Wednesday

1st Dec 2021

EU chamber warns about Chinese overcapacity

Chinese industrial overcapacity is causing severe damage to its domestic growth and the global economy according to a new report by the EU Chamber of Commerce in China on Thursday (26 November).

Already a problem before the crisis, the country's 4 trillion yuan (€400 bn) stimulus package is worsening Chinese overcapacity says the document, with important ramifications for Europe.

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The steel, aluminum, cement, chemical, refining and wind-power equipment industries were singled out as amongst the worst offenders.

Domestic consequences include falling profits and failures to meet loan obligations. But overcapacity also generates trade tensions as producers offload their surplus production overseas at marked-down prices, warns the report.

The EU has already initiated a string of anti-dumping cases against China this year alone, greatly adding to frictions between the two sides.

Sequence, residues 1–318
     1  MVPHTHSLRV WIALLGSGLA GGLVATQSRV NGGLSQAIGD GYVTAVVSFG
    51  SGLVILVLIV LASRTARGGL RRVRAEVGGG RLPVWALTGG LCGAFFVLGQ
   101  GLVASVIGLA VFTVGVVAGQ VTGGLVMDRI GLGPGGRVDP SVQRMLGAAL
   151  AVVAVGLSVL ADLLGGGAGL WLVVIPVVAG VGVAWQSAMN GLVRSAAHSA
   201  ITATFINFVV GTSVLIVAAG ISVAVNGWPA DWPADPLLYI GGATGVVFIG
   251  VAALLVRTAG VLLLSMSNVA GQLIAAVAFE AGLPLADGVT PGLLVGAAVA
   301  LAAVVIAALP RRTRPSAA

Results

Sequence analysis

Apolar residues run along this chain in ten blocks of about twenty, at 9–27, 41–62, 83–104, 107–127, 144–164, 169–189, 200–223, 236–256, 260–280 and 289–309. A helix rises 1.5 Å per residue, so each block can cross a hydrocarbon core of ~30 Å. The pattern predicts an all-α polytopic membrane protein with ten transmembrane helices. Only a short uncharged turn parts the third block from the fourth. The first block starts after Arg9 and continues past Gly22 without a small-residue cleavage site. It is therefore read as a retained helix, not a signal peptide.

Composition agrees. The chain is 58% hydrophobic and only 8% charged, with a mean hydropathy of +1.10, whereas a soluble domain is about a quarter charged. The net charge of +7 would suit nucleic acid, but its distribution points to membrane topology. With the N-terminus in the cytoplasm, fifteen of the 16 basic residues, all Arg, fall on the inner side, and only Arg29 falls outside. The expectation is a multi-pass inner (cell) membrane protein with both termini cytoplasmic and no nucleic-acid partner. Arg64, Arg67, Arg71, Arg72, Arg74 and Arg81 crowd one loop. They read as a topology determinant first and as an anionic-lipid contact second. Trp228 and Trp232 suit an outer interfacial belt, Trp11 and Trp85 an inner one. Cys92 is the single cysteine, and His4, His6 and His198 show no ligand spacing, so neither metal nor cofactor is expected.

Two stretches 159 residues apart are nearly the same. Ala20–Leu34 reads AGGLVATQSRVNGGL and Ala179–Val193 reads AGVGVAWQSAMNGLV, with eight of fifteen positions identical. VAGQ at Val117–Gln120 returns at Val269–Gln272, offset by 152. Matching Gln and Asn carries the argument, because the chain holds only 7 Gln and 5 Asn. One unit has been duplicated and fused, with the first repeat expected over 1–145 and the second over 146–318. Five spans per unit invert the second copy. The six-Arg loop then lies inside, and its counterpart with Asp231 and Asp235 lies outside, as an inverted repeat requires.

"The Chinese stimulus package has poured credit into increasingly questionable projects," say the report's authors. "The global impact already can be felt in the form of growing trade tensions."

To correct the imbalance, the Chamber argues China must shift from investment and export lead growth to greater domestic consumption and development of services.

Weak yuan

Another issue of concern to European businesses is China's weak currency, with EU finance chiefs set to discuss the issue in China this weekend.

EU economy commissioner Joaquin Almunia, European Central Bank president Jean-Claude Trichet and Eurogroup chairman Jean-Claude Juncker will meet with Chinese officials in Nanjing on 28-29 November.

On Wednesday, European businesses called on the European trio to push for a stronger yuan, arguing that its current weakness against the euro is hurting European exports and dampening the region's economy.

The Brussels-based business umbrella group, Business Europe, called on the finance officials to hold an "open and frank" debate on the subject.

China urges Germany and France to solve euro-crisis

Chinese Prime Minister Wen Jiabao on Thursday offered vague promises to buy bonds from troubled euro-countries, but said that it is ultimately up to Germany and France to solve the crisis.

MEPs and China mark change in relationship

Members of the five big political groups in the European Parliament have met with members of the one big political group in the National People's Congress of China, in what has been described as a “changing” and "very friendly" climate.

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